# A Linear Transformation $T: U\to V$ cannot be Injective if $\dim(U) > \dim(V)$

## Problem 541

Let $U$ and $V$ be finite dimensional vector spaces over a scalar field $\F$.

Consider a linear transformation $T:U\to V$.

Prove that if $\dim(U) > \dim(V)$, then $T$ cannot be injective (one-to-one).

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Contents

## Hints.

You may use the folowing facts.

For the proof of this fact, see the post ↴

A Linear Transformation is Injective (One-To-One) if and only if the Nullity is Zero

**Rank-Nullity Theorem**

For a linear transformation $T: U \to V$, we have

\[\nullity(T)+\rk(T)=\dim(U).\]

We give two proofs. The first one uses the rank-nullity theorem.

The second one avoids using the theorem.

## Proof 1.

By the rank-nullity theorem, we have

\[\nullity(T)+\rk(T)=\dim(U).\]
Note that the rank of $T$ is the dimension of the range $\calR(T)$, which is a subspace of the vector space of $V$.

Hence it yields that

\[\rk(T)=\dim(\calR(T)) \leq \dim(V).\]

It follows that

\begin{align*}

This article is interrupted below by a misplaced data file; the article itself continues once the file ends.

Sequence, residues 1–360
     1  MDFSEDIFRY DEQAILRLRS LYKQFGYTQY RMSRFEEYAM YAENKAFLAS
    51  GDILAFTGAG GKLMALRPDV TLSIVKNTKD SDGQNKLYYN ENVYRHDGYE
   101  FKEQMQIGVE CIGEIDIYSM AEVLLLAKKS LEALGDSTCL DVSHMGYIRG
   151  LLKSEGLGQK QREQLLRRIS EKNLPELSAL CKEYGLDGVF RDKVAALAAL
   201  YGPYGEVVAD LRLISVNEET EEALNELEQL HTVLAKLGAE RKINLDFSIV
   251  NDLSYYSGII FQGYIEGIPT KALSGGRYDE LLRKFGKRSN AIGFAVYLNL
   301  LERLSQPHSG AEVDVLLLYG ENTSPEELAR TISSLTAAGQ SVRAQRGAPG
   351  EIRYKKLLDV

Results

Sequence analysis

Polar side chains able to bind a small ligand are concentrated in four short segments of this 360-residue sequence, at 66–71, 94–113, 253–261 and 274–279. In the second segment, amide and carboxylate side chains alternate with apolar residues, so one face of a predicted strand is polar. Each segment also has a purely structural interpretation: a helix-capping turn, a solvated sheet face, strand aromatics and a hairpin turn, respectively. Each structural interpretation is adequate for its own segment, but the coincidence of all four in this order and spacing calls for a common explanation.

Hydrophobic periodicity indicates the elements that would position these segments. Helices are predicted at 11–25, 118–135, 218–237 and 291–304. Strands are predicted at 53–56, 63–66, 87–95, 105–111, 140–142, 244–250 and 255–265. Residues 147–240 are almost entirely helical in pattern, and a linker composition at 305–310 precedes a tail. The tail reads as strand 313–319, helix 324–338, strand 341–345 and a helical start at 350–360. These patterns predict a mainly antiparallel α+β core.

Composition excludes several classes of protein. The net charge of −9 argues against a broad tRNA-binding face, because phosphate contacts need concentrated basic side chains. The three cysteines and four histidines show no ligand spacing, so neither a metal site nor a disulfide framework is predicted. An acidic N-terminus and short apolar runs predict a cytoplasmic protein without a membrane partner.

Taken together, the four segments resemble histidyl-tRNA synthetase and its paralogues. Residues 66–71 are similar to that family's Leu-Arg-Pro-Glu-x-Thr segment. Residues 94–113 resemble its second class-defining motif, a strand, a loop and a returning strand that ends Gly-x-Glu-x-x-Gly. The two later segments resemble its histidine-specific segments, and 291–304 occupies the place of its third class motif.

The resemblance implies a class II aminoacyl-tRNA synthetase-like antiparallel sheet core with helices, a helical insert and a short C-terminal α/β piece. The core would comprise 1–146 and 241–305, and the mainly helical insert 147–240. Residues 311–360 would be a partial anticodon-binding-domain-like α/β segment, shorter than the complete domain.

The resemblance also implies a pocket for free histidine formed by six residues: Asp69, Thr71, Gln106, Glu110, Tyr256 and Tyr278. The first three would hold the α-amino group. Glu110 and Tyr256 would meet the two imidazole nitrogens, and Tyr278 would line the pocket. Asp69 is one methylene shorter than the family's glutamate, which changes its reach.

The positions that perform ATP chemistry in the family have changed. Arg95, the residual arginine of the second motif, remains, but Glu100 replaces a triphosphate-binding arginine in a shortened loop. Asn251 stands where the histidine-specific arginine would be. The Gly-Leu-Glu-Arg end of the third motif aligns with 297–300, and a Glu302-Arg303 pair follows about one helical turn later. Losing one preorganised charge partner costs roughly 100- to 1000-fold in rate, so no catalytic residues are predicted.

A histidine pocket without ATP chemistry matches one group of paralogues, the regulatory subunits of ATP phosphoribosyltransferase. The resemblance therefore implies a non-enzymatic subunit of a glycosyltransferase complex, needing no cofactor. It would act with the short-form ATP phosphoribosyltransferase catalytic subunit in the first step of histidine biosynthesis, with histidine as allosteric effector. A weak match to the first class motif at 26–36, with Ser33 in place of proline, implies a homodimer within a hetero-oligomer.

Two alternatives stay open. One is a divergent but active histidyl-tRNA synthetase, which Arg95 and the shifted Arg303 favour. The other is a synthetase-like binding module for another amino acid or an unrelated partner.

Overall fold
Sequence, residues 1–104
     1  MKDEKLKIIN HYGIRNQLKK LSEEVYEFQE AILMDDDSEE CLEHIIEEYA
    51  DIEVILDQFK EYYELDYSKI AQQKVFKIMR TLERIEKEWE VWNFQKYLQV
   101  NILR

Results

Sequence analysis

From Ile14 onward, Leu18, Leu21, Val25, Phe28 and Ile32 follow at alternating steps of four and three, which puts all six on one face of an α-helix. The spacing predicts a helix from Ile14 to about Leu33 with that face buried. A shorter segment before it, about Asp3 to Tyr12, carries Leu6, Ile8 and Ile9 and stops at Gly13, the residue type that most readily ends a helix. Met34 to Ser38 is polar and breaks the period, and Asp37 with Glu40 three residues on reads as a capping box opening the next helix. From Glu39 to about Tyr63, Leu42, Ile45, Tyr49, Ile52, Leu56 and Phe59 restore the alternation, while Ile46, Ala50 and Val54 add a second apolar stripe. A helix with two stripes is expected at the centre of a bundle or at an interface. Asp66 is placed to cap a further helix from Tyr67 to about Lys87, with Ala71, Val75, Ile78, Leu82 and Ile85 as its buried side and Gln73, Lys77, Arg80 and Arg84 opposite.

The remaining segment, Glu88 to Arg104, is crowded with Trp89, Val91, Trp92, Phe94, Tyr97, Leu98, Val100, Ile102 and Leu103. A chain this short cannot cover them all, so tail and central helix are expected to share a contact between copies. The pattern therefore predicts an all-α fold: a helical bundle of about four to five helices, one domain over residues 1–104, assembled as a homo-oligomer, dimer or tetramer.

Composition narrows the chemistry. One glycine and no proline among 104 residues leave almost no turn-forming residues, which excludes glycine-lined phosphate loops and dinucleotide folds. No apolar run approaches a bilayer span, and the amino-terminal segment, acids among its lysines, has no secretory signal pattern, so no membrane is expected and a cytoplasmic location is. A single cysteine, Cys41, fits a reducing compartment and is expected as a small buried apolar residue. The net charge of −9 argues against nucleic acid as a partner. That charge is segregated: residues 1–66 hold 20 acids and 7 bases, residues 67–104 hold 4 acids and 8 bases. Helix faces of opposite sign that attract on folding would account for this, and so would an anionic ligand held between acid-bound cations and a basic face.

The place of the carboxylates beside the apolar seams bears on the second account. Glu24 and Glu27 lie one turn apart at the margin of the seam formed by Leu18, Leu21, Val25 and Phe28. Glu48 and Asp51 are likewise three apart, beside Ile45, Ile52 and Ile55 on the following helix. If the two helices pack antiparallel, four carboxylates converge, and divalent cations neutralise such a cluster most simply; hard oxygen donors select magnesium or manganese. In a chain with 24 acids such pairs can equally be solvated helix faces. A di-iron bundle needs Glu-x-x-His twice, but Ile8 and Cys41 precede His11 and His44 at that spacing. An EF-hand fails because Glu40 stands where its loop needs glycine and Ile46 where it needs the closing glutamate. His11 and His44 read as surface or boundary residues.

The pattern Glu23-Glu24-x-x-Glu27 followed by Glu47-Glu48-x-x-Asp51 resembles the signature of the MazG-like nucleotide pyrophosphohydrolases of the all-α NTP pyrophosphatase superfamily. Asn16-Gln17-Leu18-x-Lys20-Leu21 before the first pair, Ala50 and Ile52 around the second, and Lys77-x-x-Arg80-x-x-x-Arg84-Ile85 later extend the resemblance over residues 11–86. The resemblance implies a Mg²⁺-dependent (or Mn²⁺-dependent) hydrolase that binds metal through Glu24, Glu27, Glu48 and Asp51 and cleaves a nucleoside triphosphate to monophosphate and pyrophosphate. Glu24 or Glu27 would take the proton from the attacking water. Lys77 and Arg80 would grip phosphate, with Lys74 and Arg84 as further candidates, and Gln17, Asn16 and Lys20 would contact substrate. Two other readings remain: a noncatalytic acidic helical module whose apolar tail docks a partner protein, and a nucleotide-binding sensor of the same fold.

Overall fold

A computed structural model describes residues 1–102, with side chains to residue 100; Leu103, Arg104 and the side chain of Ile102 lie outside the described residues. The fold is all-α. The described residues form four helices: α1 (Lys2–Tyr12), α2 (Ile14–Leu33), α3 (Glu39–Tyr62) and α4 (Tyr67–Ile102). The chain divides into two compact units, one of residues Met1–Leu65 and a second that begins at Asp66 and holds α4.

\nullity(T)=\dim(U)-\rk(T) > \dim(U)-\dim(V) > 0,

\end{align*}

where the last inequality follows from the assumption.

This implies that the nullity is nonzero, hence $T$ is not injective.

(See the hints above.)

## Proof 2.

In the second proof, we prove $T$ is injective without using the rank-nullity theorem.

Seeking a contradiction, assume that $T: U\to V$ is injective.

Let $\{\mathbf{u}_1, \dots, \mathbf{u}_n\}$ be a basis of the vector space $U$, where $n=\dim(U)$.

Put $\mathbf{v}_1=T(\mathbf{u}_1), \dots, \mathbf{v}_n=T(\mathbf{u}_n)$.

We claim that the vectors $\mathbf{v}_1, \dots, \mathbf{v}_n$ are linearly independent in $V$.

To see this, consider the linear combination

\[c_1\mathbf{v}_1+\cdots+c_n \mathbf{v}_n=\mathbf{0}_V,\]
where $c_1, \dots, c_n$ are scalars in $\F$.

Then we have

\begin{align*}

\mathbf{0}_V&=c_1\mathbf{v}_1+\cdots+c_n \mathbf{v}_n\\

&=c_1T(\mathbf{u}_1)+\cdots+c_n T(\mathbf{u}_n)\\

&=T(c_1\mathbf{u}_1+\cdots + c_n \mathbf{u}_n).

\end{align*}

Since $T$ is assumed to be injective, we must have

\[c_1\mathbf{u}_1+\cdots + c_n \mathbf{u}_n=\mathbf{0}_U.\]
Because $\mathbf{u}_1, \dots, \mathbf{u}_n$ are basis vectors, they are linearly independent.

It follows that

\[c_1=\cdots=c_n=0,\]
and hence the vectors $\mathbf{v}_1, \dots, \mathbf{v}_n$ are linearly independent.

As the vector space $V$ contains $n$ linearly independent vectors, we see that

\[\dim(V) \geq n=\dim(U),\]
which contradicts the assumption that $\dim(U) > \dim(V)$.

Therefore, $T$ cannot be injective.

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